Defined benefit (DB) plan sponsors might be facing tighter scrutiny from the U.S. Department of Labor (DOL). Last year the DOL’s Employee Benefits Security Administration (EBSA) ramped up pension audit operations in its Philadelphia office, and later decided to do so elsewhere, the agency announced at an ERISA Advisory Council meeting.
The focus of the audits is on DB sponsors’ efforts to deliver benefits to terminated vested participants. According to EBSA’s Reporting and Disclosure Guide for Employee Benefit Plans, plan administrators must provide a “Statement of Accrued and Nonforfeitable Benefits” to participants:
- On request,
- On termination of service with the employer, or
- After the participant has a one-year break in service.
However, only one statement is required in any 12-month period for statements provided on request.
Timothy Hauser, EBSA’s Deputy Assistant Secretary for Program Operations, offered some basic best practices for satisfying the agency’s notification requirements:
- Send participants a certified letter using the participant’s last known address.
- Keep good records on how to reach plan participants and relay those records to other corporate entities in a merger or acquisition.
- If mail is returned from the former employee’s last known address, try calling. It’s possible the phone number on record is a mobile phone that wouldn’t be pinned to a previous mailing address.
- When other methods fail, reach out to former co-workers of the separated participant who might have remained in contact.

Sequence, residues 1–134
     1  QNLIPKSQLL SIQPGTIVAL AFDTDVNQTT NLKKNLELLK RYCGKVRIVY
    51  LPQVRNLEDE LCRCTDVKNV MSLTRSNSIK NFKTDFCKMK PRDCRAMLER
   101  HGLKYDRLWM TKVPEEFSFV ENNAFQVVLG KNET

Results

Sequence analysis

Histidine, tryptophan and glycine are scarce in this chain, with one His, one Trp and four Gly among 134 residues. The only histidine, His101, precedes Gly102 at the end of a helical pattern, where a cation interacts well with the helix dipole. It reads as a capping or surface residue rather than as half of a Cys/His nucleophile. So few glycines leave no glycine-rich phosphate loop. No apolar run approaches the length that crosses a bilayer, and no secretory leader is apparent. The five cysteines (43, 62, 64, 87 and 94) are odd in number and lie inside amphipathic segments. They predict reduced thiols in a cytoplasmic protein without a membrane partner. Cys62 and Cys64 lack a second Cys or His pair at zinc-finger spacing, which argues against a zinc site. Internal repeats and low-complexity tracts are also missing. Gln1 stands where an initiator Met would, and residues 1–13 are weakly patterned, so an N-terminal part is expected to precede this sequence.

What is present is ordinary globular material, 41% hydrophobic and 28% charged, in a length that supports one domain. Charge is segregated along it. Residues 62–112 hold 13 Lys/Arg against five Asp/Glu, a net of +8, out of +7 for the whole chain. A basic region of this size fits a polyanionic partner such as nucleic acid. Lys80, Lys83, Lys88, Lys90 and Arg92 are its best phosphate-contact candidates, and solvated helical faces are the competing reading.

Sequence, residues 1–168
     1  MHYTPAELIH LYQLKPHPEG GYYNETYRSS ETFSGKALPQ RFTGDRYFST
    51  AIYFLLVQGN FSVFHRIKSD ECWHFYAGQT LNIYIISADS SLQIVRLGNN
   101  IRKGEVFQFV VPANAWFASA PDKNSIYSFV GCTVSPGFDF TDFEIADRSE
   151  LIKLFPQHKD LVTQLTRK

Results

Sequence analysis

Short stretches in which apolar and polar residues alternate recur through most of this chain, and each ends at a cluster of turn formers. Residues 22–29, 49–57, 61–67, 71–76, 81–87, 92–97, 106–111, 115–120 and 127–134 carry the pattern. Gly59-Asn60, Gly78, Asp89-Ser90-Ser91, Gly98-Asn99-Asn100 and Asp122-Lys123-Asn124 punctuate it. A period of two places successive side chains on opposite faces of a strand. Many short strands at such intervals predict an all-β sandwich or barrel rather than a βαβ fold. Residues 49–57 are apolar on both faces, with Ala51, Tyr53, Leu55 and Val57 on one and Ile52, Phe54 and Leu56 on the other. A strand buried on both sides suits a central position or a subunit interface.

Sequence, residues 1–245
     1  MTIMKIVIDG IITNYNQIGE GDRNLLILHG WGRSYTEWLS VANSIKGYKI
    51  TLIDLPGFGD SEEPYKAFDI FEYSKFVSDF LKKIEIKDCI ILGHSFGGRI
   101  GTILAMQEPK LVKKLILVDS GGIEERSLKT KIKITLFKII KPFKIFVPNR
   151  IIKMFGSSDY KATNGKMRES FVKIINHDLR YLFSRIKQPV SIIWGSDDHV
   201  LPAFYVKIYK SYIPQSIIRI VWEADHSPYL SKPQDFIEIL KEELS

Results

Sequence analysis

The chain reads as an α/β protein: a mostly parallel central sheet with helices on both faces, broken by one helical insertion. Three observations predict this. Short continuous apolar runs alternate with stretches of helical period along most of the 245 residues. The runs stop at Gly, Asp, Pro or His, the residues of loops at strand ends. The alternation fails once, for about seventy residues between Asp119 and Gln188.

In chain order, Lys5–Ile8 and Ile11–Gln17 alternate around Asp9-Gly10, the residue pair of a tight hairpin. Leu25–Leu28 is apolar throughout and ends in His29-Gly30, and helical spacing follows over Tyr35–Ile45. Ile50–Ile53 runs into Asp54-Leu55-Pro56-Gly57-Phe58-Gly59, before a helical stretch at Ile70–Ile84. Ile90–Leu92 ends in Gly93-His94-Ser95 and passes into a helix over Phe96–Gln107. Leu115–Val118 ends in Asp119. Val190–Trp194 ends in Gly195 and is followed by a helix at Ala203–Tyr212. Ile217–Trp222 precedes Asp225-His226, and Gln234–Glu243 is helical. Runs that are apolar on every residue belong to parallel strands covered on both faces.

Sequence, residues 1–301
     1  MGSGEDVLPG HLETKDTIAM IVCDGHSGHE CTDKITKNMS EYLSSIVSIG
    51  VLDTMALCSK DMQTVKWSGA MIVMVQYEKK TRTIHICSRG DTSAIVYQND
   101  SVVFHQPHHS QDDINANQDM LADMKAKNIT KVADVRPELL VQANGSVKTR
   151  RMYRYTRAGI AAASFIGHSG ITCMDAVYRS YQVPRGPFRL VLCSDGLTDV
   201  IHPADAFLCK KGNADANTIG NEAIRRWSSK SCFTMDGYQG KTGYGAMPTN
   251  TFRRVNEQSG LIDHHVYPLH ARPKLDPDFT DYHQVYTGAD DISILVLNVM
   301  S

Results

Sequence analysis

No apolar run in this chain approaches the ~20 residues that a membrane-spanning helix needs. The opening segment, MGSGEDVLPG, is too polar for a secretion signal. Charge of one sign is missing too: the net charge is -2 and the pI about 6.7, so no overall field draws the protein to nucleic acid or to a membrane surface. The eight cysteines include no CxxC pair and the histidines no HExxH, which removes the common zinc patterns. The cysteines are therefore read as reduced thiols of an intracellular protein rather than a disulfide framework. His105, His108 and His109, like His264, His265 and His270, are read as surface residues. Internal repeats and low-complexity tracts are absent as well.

With so much information available through social media, employers should also consider using this method to find terminated missing participants.
In October 2017, the American Benefits Council submitted a letter to EBSA, requesting more detailed guidance as a result of some of its members having been harshly penalized for failure to do everything possible to find missing participants. From the DOL’s perspective, a plan sponsor’s failure to aggressively track down separated vested participants represents a fiduciary breach — not an accusation that any plan’s sponsor would want to face in an audit.
In addition, EBSA continues to focus attention on the quality of audits of benefit plans’ financial records by “independent qualified public accountants.” This is in response to an EBSA 2015 report after “auditing” a sampling of plan audits.
The review found “major deficiencies” with 39% of the audits it reviewed. Deficient audits were predominantly conducted by accounting firms with limited experience with this kind of audit. The takeaway from the report is that plan sponsors should carefully research an auditor’s experience auditing benefit plans.